Carrol Daily Times Herald from Carroll, Iowa on October 30, 1970 · Page 11
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Carrol Daily Times Herald from Carroll, Iowa · Page 11

Carroll, Iowa
Issue Date:
Friday, October 30, 1970
Page 11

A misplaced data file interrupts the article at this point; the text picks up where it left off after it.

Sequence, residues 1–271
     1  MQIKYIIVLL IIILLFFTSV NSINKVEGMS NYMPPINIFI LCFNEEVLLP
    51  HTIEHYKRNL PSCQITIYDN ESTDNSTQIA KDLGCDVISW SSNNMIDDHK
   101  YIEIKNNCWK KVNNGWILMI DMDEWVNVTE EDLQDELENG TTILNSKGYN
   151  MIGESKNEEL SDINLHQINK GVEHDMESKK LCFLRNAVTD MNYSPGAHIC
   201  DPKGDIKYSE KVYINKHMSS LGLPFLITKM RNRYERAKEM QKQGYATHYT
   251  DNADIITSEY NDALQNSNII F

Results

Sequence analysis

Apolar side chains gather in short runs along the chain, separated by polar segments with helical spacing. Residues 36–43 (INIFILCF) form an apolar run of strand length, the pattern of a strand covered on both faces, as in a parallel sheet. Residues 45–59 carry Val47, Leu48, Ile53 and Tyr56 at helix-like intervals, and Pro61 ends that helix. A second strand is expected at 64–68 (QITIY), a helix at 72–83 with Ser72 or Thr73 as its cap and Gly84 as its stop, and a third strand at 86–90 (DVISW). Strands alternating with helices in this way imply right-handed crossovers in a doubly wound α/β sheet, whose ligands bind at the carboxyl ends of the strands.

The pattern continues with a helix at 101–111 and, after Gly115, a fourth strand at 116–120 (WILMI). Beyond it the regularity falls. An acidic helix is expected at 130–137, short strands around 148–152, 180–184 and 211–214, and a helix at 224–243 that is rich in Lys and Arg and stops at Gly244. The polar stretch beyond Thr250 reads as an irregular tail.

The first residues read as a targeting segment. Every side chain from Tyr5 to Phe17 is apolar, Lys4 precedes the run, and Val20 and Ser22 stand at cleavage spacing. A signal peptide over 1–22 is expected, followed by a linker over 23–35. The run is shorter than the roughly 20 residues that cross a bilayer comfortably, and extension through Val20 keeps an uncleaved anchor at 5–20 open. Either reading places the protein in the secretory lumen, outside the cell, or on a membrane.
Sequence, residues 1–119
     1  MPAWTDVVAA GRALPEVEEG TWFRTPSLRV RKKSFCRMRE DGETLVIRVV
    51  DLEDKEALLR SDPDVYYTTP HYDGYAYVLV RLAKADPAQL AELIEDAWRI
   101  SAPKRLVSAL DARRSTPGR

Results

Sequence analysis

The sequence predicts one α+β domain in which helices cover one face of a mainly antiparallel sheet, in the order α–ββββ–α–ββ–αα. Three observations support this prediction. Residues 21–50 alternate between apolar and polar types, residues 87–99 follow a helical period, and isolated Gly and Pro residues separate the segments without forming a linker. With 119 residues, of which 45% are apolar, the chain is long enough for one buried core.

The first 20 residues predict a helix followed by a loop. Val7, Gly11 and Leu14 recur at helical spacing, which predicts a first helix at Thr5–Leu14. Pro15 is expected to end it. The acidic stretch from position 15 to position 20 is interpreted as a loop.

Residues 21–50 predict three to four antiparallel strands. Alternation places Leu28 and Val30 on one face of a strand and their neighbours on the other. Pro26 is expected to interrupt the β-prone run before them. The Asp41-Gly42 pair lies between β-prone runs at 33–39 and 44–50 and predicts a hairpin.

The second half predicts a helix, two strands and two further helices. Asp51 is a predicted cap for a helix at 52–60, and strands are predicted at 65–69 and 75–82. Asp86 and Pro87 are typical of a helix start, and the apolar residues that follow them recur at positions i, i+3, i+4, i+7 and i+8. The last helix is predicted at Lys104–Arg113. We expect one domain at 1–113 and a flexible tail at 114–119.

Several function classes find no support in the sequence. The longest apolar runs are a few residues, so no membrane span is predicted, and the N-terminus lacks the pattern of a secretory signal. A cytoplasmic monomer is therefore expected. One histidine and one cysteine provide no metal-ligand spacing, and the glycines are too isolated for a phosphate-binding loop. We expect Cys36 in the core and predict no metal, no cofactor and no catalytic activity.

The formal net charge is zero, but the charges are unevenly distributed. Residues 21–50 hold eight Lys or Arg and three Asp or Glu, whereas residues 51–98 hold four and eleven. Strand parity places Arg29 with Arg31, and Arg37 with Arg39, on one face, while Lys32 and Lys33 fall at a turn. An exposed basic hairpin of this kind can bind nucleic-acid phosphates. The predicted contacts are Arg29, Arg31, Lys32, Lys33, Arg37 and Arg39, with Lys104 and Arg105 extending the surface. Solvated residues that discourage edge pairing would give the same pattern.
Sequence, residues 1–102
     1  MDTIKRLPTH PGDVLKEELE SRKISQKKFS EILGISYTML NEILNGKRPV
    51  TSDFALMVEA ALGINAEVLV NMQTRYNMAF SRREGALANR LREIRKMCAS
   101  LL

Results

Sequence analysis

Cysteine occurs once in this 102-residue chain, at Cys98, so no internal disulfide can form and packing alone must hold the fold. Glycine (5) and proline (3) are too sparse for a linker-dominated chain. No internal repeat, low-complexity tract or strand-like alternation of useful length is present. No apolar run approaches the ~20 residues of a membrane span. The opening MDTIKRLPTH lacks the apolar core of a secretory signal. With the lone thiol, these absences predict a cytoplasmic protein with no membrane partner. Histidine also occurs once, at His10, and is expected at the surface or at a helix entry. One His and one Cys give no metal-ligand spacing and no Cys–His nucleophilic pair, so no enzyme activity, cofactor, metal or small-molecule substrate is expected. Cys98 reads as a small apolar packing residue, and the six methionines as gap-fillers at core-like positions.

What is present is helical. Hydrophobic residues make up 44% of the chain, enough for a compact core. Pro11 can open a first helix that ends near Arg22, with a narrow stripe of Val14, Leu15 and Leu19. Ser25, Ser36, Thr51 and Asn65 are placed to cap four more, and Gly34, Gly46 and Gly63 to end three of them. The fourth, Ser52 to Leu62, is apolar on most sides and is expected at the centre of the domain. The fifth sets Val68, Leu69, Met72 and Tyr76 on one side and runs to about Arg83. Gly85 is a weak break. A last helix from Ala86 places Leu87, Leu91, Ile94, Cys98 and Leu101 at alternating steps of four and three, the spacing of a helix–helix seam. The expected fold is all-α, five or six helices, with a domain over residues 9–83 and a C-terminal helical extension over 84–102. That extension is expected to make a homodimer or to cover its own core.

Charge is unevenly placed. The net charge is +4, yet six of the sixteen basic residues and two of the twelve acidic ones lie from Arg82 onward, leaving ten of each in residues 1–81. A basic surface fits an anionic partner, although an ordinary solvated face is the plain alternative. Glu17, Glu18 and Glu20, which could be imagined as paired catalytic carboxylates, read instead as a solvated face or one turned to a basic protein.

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Iowa a place to grow Carroll Daily Times Vol. 101—No. 256 Return Postage Guaranteed Carroll, Iowa, 51401, Friday, October 30, 1970—Ten Pages Evening for 50 Cents Per Week 10c Copy Focus on Senatorial Contest in East Iowa DES MONES (AP) — Iowans will elect members of a 150- member legislature on Nov. 3 for the first time since early in the century. The balloting in the general election will determine the makeup of the 1971 General Assembly, streamlined down by constitutional amendment from the 124 representatives and 61 senators who served in 1969-70, to 100 House members and 50 senators. It also will determine whether the last of the floor leaders from the 1970 legislature will return. Much statewide interest centers on the senatorial race in Dubuque County, where Minority Floor Leader Andrew Frommelt, a senator since 1958, faces a strong challenge from Republican Sen. John Walsh, who broke a solid Democratic dynasty four years ago to become the county's first Republican senator in years. Frommelt is the only one of the legislature's 1969-70 floor leaders from either party to seek re-election. Sen. Robert Rigler of New Hampton and Rep. Ralph McCartney of Charles City, the Republican floor leaders of the two houses, bowed out after the 1970 session, siaying they could not continue to serve since the advent of annual sessions. House Minority Leader William Gannon, D—-Mingo, lost to Robert Fulton of Waterloo in the primary election last June in a bid for the Democratic nomination for governor. All 100 members of the House and 27 of the 50 senators are up for election this year, but eight representatives and one senator have no opposition. The lone senator on the "free ride" list is Sen. Edward Nicholson, R—Davenport. Without opposition in House races are Republican Reps. Elmer Den Herder of Sioux Center, Trvin L. Bergman of Harris, Maynard Menefee of Fayette, Richard Drake of Muscatine and Charles Strothman of New London, and Democrat Michael Blouin of Dubuque. Others whose elections apparently are going by default are Republican newcomers Roliin C. Edelen of Estherville and Lillian McElroy of Pomeroy, both running for the House. With most of the 1970 legislative leaders dropping out, a major question is upon whom their mantles will fall in the next session. Sen. Lucas DeKoster of Hull, a holdover who isn't up for reelection this year, has announced that he will be a candidaae for Republican floor leader of the Senate. Also mentioned as a possibility is Sen. James Potgeter, R-Steamboat Rock. Legislative sources indicate House Speaker William Harbor, R—Henderson, is a strong possibility for re-election as speaker, though Rep. Floyd Millen, R—Farmington, also has some backing for the post. Likely choices for House Republican floor leader appear to be Rep. Andrew Varley of Stuart or Rep. John Camp of Bryant. Mentioned as possibles for Democratic House floor leader are Blouin, and Reps. Michael Kennedy of New Hampton and Joseph C. Johnson of Iowa City. The return of the legislature to 150 members brings the size of the two houses full circle back to the original Iowa Constitution of 1857. The constitution's first legislate provision limited Senate membership to not more than 50 and the House to not more than 100. An amendment adopted in 1904, however, granted the nine largest counties an extra repre­ sentative if heir population exceeded the "ration of reresen- tation" by thre-fifths or more. Hence, he House for many years had 108 members and the Senate 50. Every legislature during the 1960s has been elected under a different apportionment plan as the lawmakers sought to make the distribution of seats conform to the "one man, one vote" principle laid down by the courts. The 1971 legislature will hav» to reapportion again for two reasons —the Iowa Supreme Court has ruled the present apportionment plan doesn't fully conform to "one man, one vote," and the 1970 federal census will change the population figures. Spurgeon's Chief Here P. W. Hayes (right), president of the Spurgeon Mer- chantile Co., and three other executives scan the grand opening advertising published in the The Daily Times Herald for the new store opened here Thursday. From left: Ron Rice, superintendent for Iowa and Minnesota stores; Robert Vance, superintendent for Illinois and Wisconsin, and Roger Haynes, Carroll manager. Hayes was here in connection with the opening that attracted a large crowd of shoppers. County Earns $51,037.50 From Investing Idle Funds Carroll County collected $51,037.50 from investing idle funds from 1966 to 1969, a report issued Friday by State Auditor Lloyd R. Smith showed. The earnings included: 1966 — $10,650; 1967 — $10,286.13; 1968 — $10,098.72; 1969 — $20,002.65. Crawford County led the area with a total of $110,569.07 earned in the same period. Other area county reports include: Audubon — $61,000; Calhoun — $32,836.29; Greene — $58,519.04; Guthrie — $20,785.30; Sac — $54,562.50 and Shelby — $26,393.75. Crawford ranked ninth among the 12 highest counties in 1966; 12th in 1967 and 1968. Iowa counties are collecting more than $2 million annually by investing idle funds, Smith reported. For years, because of legal entanglements, most Iowa banks did not pay any interest on money deposited by public bodies. The picture began to change in 1963, however, as the Legislature enacted laws, at first encouraging, and then requiring investment of idle funds by all public agencies. In 1964 the amount of interest earned by counties on the investment of idle funds was only $143,794; five years later the amount had grown to $2,218,330. During this period the number of counties investing their idle funds also grew, from 28 to 99 counties. The 1965 Legislature was responsible for establishing a committee (comprised of the state treasurer, insurance commissioner and banking superintendent), to set interest rates monthly for public agencies. The rate set for the state Iowa Girl, 22, Slain in New York Apartment NEW YORK (AP) - An attractive graduate student from Iowa was murdered Thursday in her West Side apartment. The body of Patrice Leary, 22, a New York University graduate student from Okoboji, Iowa, was found in a pool of blood. Detectives said she had been strangled and stabbed repeatedly. They said the apart- meiit was in a shambles, indicating the victim had put up a violent struggle. Detectives said a woman had reported seeing a young man flee the apartment, his clothes smeared with what appeared to be blood. Two girl friends discovered the body in the living room of the West 73rd Street apartment Miss Leary had shared for a month with Cathy Duchen, a nurse from Des Moines, Iowa. Police said Miss Leary had been stabbed several times and was beaten about the head. Her body was partially disrobed. The two girls, Nancy Paull, 24, and her sister Betsy, 23, arrived at the apartment and found the door closed but unlocked. They looked inside, saw the body sprawled on the floor and ran for help, police said. They called Mrs. Janet Cerasini, the building manager, who summoned police, went to the apartment and later told detecives: "It was horrible." Betsy Paull, who had been staying at the apartment for a few days, apparently was the last person to see Miss Leary alive, police said. Detectives were searching for a man they described as in his early 20s, with black Slaying .... See Page 9 could be one per cent higher than for local political subdivisions, such as schools, cities and towns, and counties. The present maximum rate for local bodies is 6.5 per cent for money invested in Iowa banks for up to one year. Primarily because of the rate setting committee, the amount of interest received by counties increased dramatically, from $347,938 in 1965 to $1,115,405 in 1966. It has been growing steadily since. The report issued Friday by Smith shows that the amount of interest earned from the investment of idle county funds in all 99 counties in the past four years (fiscal 1966 through fiscal 1969) totaled $6,617,858. The Legislature has authorized the state auditor to ask counties to review their investment program when he feels a county's program is lagging; Smith has done this in several instances. In his report Smith "congratulates" many of the county treasurers and boards of supervisors "for their cooperation in the production of the fine investment reports submitted and the amount of interest received." He also acknowledges the excellent cooperation received from "most banks". Because of "a very substantial variation in the financial and housekeeping problems" of 99 counties, Smith be- Funds .... See Page 2 Area Forecast (More Weather on Page 2) Cloudy with chance of light rain Friday night, possibly mixed with snow except in southwest, low temperatures in the 30s. Mostly coludy Saturday with chance of occasional light rain northeast, high in the upper 40s to lower 50s. Routed Later by Fire in Home Nixon's Cava a Mob of Antiw ers SAN CLEMENTE, Calif. (AP) —President Nixon, the target of rocks, bricks, bottles, eggs, red flags and other missiles hurled by antiwar demonstrators in his native state, says he was attacked by "an unruly mob that represents the worst in America." Nixon, riding away from a Republican rally Thursday night in the San Francisco bay city of San Jose, Was besieged by hundreds of obscenity-shouting protesters. With him in his limousine were California Gov. Ronald Reagan and U.S. Sen. George Murphy. Later, after the President arrived at the Western White House in San Clemente, a fire caused smoke damage in the oceanside villa and forced a pajama-clad Nixon to evacuate. Press Secretary Ronald L. Ziegler said the blaze was caused by heat conducted downward from the fireplace in Nixon's second-floor study to wood within the hollow wall of the dining room below. The San Jose violence was the most serious aimed at any president in this country since the assassination of President John F. Kennedy in 1963. Emerging from an auditorium where GOP partisans had given him a warm reception, Nixon climbed atop the hood of his limousine in the glare of photo floodlights. Facing directly toward his noisy opponents about 50 yards away, he thrust his jaw forward and flung both arms upward. With his fingers, hie formed "V" symbols, waving toward the crowd. Most of the demonstrators were young persons, hundreds of whom had rallied at the San Jose State College campus for a march to the auditorium. The mobbing of the Nixon motorcade lasted perhaps five min­ utes as 'his car moved through a narrow opening that had been cleared in the crowd by helmeted riot police. His limousine and other vehicles in the cavalcade were hit repeatedly by large rocks and other objects. Several persons, including a Secret Service agent, a newsman and a television cameraman suffered minor injuries. The second auto behind Nixon's vehicle stalled when, after it was hit by a rock, its policeman-driver slammed on the brakes. This produced a chain reaction crash of six cars— 4ione seriously dam aged—that brought a loud cheer from the crowd pushing in on each side. A bus carrying members of Nixon's staff and local political dignitaries had four windows smashed by rocks. One of the occupants, showered by glass fragments, was Rose Mary Woods, Nixon's personal secretary, who ducked to the floor and exclaimed, "Just like Caracas!" Nixon was stoned in the Venezuelan capital in 1958, when he was vice president. Another bus carrying members of the White House press corps emerged from the melee with seven shattered windows. Four of the demonstrators were arrested including one for investigation of assaulting a policeman and another for investigation of inciting to riot. In a statement issued after he arrived here for a five-day stay at his oceanfront home, Nixon said: "The stoning at San Jose is an example of the vieiousness of the lawless elements in our society. This was no outburst by a single individual. This was the action of an unruly mob that represents the worst in America. Ziegler said Nixon told him, "It is time for this kind of disgraceful action to stop." In his statement, the President said, "I will discuss what America must do to end the wave of violence and terrorism by the radical, antidemocratic element in our society." He did not say when and where he would take up the question but it was assumed he might deal with it in addressing. a Republican rally tonight in Anaheim, 35 miles north of San Nixon .... See Page 9 To Influence U.S. Voters Reds Launc neks Poster Boy Young David Duncan, son of Mr. and Mrs. Merle Duncan of Carroll has been named poster boy for the 1970 Carroll County Association for Retarded Children's fund drive. The drive will begin Nov. 1 with a door to door canvass in the city of Carroll, continuing through the week. A similar canvass will be conducted in 15 Carroll County townships. Smaller towns wilt be contacted by mail. SAIGON (AP) - North Vietnamese troops shattered the lull in the ground war in Vietnam today with heavy attacks on two allied positions. Four Americans, three South Vietnamese and 16 North Vietnamese were killed, and 27 Americans and 12 South Vietnamese were wounded. U.S. officials had been anticipating a stepup in enemy activity to "grab headlines" just before the U.S. congressional elections next Tuesday. They said the North Vietnamese hoped to influence American voters against candidates backed by the Nixon administration. In the heaviest assault, North Vietnamese troops moving under cover of a mortar barrage attacked Landing Zone Oasis, a U.S. artillery base in the central highlands defended also by South Vietnamese forces. The U.S. Command said three Americans were killed and 21 wounded in the five-hour, predawn battle, and some of the artillery was slightly damaged. Field reports said three South Vietnamese troops also were killed and 11 wounded. The North Vietnamese lost 14 men, some of them cut down by American helicopter gunships. Other North Vietnamese troops 28 miles north of Saigon made a similar attack on troops of the U.S. 11th Armored Cavalry Regiment in night bivouac 28 miles north of Saigon. One American and two North Vietnamese were killed and six Americans were wounded in the one-hour clash, and a former Viet Cong serving as a scout with the Americans also was wounded. Field reports said some armored personnel carriers were damaged. The attacks were the heaviest ground assaults on U.S. positions since last July 22, when 12 Americans and 61 North Vietnamese were killed near Fire Base Ripcord, in the northern part of the country. Since then South Vietnamese bases have come under heavy shelling, and there have been numerous sharp ground clashes involving government troops. But activity involving U.S. forces has been mostly light. Informed sources said the North Vietnamese were aided in assembling for the attacks by the curtailment of American air operations this week due to storms and hard rains lashing South Vietnam. Meanwhile, the U.S. Command, in a rush to meet President Nixon's latest cutback of 40,000 American troops by Dec. 31, announced the deactivation of four more Army units and the return to the United States of a | fifth unit, a total cut in Ameri- i can strength of about 2,000 men. i Four of the units are helicopter ! companies with about 100 air' craft. Some of the helicopters ! already have been transferred ! to the South Vietnamese air i force. j Current U.S. strength in Viet; nam is 377,100 men, and this is to be reduced to 344,000 under Nixon's fifth phase of troop cutbacks. Cambodian ground troops and naval units launched a major operation just southeast of Phnom Penh in an attempt to sweep away Communist concentrations that had pushed virtually within rocket and mortar range of the city. Reports from the scene indicated the bulk of the task force met no resistance. But one amphibious assault was driven back across the Mekong River by withering fire, and one gov- Indochina . . . See Page 9 11 ill hi 'ii ••I Pupils Entertain The Carroll Community first graders at Maple River, under the direction of Mrs. Don Severin, gave a musical production for the American Education Week program for their parents. Getting ready for the song plays "Little Red Riding Hood" and "The Pan­ cake Man" are, from left, Raynee Steffen as Grandmother, Tracy Teague as the Wolfe, Leslie Schechtrnan as Little Red Riding Hood, Steve Forbes as The Horse, Phillip Gaffney as The Pancake Man, and Steve Christensen as Sly Fox. There were also songs -Staff Photo- by the entire first grade class, and lullabies by 11 girls. First ,grade teachers are Miss Dolores Baumhover, Miss Sue Rogness, Miss Alice Bjorklund and Miss Karen Murray.